Once Upon a Time in Uganda (2020) is a documentary about filmmaking in Uganda, more concretely in Wakaliga. The word documentary, personally, usually brings images of beautiful but still shots of landscapes and people, but this documentary, as well as the films featured in it, was quite unique. The (invisible) crew follows Alan Hofmanis, a New Yorker who upon seeing a film produced by Ramon Film Productions (also known as Wakaliwood) on YouTube flies to Uganda to find out how and where the magic happens. There, he meets Isaac Nabwana, the director-mastermind behind the popular cult films. The fascination only grows from here: Alan observes how with little money and materials, the whole town of Wakaliga throws themselves into the filming and production of comedic action movies. Ramon Film Productions works not only as the creative centre for the films, but it is also a school for martial arts, makeup, lighting, acting and anything that could aid in the future films to come. They take pride in nurturing young talent. Here, the saying “It takes a village to write a book” applies to the constant string of films that Isaac, his wife Harriet, and his team put out. The number now is 44 films.
Partly, the fascination with Wakaliwood’s films is their comedic tone whilst talking of serious issues. Isaac states that they wanted to portray the life of poor people in Uganda: filled with crime and precarious living but with a funny twist. Being able to joke and talk about these topics in a lighter tone was, somehow, therapeutic. The documentary portrays this perfectly whilst focusing on another topic entirely: the clash of the vision of success from an American point of view (making it ‘big’ in film festivals internationally) and Ugandan point of view (being known in Uganda and getting national recognition). There was some criticism of this documentary enforcing a ‘white saviour’ narrative, but I disagree. The film shows two friends that have a misunderstanding, that have different dreams for the gem that is the films that are created in Wakaliwood. I do not believe race or a sense of superiority from Alan’s part is what took place here. On the verge of conflict, we all view ourselves as victims, especially when who hurt us are close to us. I cannot blame Alan or Isaac for miscommunicating and reacting in a moment of hurt, they are both people and not characters at the end of the day.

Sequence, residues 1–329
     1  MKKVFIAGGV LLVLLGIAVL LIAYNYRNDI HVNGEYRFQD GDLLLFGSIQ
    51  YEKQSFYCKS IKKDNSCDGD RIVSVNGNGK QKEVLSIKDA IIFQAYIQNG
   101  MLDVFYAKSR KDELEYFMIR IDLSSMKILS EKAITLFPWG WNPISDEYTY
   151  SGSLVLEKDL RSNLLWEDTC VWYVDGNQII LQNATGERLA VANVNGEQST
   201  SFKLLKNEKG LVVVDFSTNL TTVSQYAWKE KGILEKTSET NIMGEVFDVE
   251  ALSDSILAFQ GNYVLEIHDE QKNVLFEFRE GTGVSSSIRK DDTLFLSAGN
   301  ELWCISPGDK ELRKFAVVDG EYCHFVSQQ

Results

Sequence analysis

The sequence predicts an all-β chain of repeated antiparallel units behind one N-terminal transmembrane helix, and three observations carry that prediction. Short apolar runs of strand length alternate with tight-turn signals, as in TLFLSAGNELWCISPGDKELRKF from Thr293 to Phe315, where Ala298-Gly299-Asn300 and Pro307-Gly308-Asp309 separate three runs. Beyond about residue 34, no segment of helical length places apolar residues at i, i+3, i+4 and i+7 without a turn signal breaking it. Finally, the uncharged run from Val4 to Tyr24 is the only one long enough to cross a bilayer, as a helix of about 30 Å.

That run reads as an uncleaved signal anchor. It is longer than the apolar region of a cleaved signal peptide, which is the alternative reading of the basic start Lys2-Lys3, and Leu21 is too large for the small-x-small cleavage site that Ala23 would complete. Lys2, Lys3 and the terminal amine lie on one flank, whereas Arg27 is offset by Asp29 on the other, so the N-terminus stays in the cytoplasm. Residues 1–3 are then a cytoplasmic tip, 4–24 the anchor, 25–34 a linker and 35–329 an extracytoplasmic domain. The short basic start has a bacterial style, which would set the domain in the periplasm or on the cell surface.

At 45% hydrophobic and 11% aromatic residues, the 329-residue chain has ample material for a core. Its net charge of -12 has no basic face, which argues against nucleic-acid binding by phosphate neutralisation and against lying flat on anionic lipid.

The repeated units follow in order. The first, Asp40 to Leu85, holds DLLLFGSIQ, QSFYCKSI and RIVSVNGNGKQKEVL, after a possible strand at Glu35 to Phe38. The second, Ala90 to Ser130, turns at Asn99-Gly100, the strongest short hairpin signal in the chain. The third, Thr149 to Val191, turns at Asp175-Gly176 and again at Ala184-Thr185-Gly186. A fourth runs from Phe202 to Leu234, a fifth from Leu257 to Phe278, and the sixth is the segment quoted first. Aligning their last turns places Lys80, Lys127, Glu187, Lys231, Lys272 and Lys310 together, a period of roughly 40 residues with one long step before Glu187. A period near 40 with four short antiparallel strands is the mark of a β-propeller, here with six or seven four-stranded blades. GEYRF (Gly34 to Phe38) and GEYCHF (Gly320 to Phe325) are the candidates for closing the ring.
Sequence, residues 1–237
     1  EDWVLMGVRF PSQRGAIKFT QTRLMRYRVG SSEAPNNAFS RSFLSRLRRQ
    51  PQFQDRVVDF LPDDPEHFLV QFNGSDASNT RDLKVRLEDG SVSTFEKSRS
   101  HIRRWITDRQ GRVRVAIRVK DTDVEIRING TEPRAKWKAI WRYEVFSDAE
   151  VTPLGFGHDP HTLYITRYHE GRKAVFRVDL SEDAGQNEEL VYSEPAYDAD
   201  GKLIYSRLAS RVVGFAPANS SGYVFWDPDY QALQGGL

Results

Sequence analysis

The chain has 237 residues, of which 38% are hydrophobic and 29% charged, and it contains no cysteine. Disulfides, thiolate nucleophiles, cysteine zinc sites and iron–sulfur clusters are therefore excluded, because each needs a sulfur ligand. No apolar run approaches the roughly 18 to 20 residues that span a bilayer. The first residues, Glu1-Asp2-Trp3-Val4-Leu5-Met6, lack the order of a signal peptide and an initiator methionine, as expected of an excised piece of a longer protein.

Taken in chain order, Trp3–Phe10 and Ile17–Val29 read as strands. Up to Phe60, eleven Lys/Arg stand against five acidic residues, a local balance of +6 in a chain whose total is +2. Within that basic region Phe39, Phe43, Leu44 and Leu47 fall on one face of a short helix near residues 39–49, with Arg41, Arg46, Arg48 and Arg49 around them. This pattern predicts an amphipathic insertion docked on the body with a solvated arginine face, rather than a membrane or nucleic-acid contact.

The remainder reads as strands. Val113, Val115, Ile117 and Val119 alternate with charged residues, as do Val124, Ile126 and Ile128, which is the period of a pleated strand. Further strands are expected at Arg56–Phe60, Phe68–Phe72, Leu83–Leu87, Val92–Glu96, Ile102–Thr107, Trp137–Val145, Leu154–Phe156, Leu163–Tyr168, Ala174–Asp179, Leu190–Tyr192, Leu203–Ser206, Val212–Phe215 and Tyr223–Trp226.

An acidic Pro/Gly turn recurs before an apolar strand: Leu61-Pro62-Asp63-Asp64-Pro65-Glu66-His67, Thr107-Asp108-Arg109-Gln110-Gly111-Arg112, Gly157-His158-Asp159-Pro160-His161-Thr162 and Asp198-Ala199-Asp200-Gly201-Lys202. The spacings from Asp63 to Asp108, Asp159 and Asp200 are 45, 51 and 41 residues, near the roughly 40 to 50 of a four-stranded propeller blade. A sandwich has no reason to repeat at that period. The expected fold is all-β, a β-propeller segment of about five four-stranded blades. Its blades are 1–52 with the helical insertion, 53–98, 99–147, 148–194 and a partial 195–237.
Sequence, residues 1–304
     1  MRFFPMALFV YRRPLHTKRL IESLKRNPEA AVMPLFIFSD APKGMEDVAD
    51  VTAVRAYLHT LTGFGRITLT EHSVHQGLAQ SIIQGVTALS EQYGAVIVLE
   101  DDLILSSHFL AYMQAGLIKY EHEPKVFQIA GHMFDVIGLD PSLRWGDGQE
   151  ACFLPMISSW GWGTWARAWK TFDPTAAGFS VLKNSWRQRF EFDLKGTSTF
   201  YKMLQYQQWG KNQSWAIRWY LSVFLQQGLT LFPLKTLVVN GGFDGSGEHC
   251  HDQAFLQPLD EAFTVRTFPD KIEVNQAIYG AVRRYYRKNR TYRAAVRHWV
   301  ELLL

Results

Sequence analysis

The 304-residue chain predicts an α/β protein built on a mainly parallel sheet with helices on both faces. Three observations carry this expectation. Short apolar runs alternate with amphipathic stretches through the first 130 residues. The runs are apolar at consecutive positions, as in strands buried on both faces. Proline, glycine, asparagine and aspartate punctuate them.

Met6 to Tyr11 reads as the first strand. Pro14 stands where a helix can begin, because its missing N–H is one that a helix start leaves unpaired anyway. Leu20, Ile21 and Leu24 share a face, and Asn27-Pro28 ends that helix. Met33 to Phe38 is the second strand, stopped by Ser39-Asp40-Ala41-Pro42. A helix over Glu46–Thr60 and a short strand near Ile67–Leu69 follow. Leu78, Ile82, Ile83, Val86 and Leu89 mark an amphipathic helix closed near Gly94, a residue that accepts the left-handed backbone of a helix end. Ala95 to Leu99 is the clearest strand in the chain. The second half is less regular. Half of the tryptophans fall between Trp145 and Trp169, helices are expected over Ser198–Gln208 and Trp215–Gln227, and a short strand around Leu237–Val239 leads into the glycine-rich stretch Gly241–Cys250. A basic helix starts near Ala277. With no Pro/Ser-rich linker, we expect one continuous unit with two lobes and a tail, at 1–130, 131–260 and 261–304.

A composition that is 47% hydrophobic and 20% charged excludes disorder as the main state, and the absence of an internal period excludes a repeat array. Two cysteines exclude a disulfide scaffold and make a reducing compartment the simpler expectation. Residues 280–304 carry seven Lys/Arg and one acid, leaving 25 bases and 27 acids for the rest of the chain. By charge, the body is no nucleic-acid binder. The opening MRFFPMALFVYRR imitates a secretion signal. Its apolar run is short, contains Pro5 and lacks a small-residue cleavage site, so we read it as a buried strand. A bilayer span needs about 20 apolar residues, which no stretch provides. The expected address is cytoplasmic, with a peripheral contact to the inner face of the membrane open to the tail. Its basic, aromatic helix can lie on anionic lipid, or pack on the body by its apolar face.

I would have appreciated Glasgow Film Festival to have created a double feature with this documentary followed by one of Nabwana’s previous films such as Bad Black (2016) or Who Killed Captain Alex? (2010) but nevertheless it was a fantastic experience. The room was vibrant and ready to immerse itself into the fantastic and creative Wakaliwood. I would love to experience it again. The Q&A that followed the screening was also incredible, led by the Glasgow Film Festival Young Selectors and accompanied by the director Cathryne Czubek, the writer Amanda Hughes and the producer Gigi Dement. They revealed to us jokingly that they viewed this as a bromance, a romantic comedy that placed Isaac and Alan as the protagonists. But the real protagonist here, what really steals the show, is the art of filmmaking. If nothing else, this documentary convinces the audience of the magic of cinema, dulling the experience of watching a movie from your Netflix account in a tiny computer screen at home.
[Eva Lopez-Lopez (She/They)]
[Image credit: https://www.instagram.com/onceinuganda/ ]